About 9:45 p.m., now, on Wednesday night. Spent the day strolling Commercial Street, window shopping, browsing. Lunch of fried clams (whole, belly clams -- not the strips) overlooking the bay and the harbor. I had a small financial fire to extinguish... nothing serious, no one died -- just slightly embarrassing. I noticed a rather large discrepancy as I checked my bank balance online, and had one of those heart-stopping moments I used to have much more often in the days before computers and online banking and Excel spreadsheets made it more, you know, automatic. A call here, two calls there, brief discussions with a handful of customer service people and my financial advisor, and it was all straightened out.
But it's a testament to the atmosphere in P'town (among other things) that I was able to get through this petite crise without melting down and letting it ruin the day -- to say nothing of the rest of the week. I just told myself that it would all work out and, in the meantime, we had enough to get by till the end of the week, we'll manage, etc., etc., blah, blah... And we went strolling and had lunch and that, as they say, was that. No big damn deal.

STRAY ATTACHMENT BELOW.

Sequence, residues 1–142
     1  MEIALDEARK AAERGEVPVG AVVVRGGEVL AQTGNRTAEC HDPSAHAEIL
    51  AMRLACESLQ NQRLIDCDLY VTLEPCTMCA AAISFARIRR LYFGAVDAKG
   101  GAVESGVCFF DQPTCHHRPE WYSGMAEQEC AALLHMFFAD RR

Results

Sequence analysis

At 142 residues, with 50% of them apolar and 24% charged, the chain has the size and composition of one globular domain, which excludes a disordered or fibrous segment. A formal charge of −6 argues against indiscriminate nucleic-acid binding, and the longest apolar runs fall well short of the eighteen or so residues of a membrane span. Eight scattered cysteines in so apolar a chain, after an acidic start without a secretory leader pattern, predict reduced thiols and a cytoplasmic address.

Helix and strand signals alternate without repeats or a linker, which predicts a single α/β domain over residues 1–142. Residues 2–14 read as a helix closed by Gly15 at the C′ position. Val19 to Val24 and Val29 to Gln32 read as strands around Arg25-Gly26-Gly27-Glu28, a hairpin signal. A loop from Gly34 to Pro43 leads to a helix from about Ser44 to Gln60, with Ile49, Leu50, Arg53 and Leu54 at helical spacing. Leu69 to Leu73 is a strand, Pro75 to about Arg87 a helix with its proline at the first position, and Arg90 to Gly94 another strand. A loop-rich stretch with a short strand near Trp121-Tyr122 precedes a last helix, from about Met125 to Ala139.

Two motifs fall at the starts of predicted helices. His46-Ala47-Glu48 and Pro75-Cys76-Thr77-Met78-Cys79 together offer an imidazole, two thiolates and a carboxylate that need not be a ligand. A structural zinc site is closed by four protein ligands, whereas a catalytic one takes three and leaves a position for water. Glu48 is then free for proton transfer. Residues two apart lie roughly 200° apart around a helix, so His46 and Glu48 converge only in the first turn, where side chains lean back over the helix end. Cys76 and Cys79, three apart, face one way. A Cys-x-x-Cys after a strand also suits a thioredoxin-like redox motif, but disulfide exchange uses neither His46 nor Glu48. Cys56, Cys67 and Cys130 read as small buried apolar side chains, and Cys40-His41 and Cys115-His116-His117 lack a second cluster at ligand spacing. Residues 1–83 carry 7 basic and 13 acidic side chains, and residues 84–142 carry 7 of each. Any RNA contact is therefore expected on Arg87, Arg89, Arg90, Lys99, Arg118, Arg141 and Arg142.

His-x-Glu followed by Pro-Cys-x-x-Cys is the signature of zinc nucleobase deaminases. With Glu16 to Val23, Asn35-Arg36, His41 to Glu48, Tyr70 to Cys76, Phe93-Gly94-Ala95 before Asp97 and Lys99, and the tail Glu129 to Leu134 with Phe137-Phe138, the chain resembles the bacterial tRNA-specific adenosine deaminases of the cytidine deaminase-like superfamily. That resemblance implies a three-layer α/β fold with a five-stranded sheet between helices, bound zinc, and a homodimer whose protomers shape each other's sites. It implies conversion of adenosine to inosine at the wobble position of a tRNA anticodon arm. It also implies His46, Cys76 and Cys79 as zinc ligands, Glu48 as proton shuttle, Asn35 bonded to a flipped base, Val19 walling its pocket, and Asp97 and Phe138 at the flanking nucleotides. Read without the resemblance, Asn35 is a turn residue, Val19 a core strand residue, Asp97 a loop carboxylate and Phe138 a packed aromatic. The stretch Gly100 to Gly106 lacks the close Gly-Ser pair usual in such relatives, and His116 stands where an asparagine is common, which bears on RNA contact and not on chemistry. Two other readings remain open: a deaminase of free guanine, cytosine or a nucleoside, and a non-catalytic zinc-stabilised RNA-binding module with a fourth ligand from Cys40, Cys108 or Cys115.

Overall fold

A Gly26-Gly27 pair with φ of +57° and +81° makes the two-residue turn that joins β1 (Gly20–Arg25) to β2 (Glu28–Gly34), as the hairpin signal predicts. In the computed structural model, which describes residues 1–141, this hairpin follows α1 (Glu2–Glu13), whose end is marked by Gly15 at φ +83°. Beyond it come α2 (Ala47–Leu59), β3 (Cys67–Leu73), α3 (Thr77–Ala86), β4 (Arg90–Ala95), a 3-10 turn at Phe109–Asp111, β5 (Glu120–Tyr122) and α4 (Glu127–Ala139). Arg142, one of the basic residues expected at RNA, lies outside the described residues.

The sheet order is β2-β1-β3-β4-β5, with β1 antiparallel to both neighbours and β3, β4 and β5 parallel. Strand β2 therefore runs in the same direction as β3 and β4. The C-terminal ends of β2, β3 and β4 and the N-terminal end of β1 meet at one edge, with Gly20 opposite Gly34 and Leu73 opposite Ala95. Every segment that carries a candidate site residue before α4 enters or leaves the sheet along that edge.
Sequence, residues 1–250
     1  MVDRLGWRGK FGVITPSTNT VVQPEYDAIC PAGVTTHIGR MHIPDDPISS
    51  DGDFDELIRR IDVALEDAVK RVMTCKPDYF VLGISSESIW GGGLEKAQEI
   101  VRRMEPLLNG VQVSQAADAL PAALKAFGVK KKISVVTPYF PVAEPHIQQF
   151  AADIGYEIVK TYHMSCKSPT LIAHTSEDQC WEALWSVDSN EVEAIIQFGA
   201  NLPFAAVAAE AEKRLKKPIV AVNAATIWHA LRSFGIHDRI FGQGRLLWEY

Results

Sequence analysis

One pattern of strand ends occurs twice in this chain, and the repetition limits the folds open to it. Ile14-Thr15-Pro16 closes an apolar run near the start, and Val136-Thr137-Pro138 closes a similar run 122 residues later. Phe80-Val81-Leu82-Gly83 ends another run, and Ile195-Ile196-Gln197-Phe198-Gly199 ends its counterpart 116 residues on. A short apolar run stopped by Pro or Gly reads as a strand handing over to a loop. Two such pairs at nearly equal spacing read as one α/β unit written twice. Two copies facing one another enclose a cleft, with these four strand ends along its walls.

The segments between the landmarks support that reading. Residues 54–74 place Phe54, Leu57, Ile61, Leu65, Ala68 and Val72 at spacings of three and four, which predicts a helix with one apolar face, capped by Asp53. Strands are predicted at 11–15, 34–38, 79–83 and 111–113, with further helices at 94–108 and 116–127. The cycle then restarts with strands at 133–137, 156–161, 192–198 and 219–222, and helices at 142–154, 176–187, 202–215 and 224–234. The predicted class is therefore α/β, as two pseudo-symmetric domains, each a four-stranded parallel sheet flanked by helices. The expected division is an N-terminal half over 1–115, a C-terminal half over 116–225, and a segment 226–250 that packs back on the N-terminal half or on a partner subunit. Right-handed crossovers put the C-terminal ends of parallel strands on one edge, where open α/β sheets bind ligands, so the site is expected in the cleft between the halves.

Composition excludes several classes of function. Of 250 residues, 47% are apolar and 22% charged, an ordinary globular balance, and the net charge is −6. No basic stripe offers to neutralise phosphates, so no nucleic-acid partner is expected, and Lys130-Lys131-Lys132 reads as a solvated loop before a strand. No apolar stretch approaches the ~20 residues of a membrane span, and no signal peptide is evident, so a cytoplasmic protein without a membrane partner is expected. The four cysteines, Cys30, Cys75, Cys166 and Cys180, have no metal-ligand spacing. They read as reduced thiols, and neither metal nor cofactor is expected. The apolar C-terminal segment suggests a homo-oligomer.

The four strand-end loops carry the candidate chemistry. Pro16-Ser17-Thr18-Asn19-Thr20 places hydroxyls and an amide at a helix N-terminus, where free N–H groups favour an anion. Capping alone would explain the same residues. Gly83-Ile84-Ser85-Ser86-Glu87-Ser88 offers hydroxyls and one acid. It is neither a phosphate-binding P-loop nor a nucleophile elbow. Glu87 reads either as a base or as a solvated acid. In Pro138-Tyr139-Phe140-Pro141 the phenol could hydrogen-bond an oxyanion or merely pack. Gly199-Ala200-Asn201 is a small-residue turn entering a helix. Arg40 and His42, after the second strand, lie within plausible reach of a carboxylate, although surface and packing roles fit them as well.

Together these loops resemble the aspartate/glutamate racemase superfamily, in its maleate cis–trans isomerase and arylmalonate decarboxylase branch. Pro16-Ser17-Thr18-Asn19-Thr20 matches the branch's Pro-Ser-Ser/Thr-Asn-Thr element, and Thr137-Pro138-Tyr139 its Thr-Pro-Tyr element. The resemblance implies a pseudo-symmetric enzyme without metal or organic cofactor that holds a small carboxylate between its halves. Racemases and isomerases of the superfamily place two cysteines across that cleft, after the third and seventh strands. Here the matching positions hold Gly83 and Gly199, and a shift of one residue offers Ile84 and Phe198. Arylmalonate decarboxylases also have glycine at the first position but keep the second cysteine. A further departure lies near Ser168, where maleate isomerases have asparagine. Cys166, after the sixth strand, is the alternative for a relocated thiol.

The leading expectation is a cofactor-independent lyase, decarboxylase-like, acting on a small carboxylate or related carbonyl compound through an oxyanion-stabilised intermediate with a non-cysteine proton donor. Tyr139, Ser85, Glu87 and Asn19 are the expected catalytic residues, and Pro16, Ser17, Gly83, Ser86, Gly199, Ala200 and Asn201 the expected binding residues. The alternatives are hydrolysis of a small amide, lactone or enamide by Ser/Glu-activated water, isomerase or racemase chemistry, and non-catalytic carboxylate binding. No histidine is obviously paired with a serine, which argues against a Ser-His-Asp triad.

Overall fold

I tell you, it's the air up here.
Not that life would be all skittles and beer if we moved here (which we've often talked of doing). Unlike in many other parts of the country, the real estate market here is still fairly robust -- it's Cape Cod, after all, and a very choice part of it. So anything livable would cost. Make that "co$$$t". For example, there are "condos" here that started life as motel cabins or a a few rooms in an old house (like the one we're renting this week) that, depending on their location in town, proximity to the water, the view, etc., go for anywhere from the high $250's to half a mil or more.
In addition, the weather here is fierce during the winter months and, though P'town has become a much more year-round destination it's easy to imagine going just a little stir crazy given how isolated it must feel come February and March. Good, strong friendships would be a necessity.
On the other hand, the Provincetown zip code boasts the largest concentration of same-sex households in the country.
10:21 p.m. The wind has picked up and rolls off the bay in great gusts that rattle the windows. There's a fog horn in the distance. The air is full of the sea.
Make of this what you will. But this place is unlike anywhere else.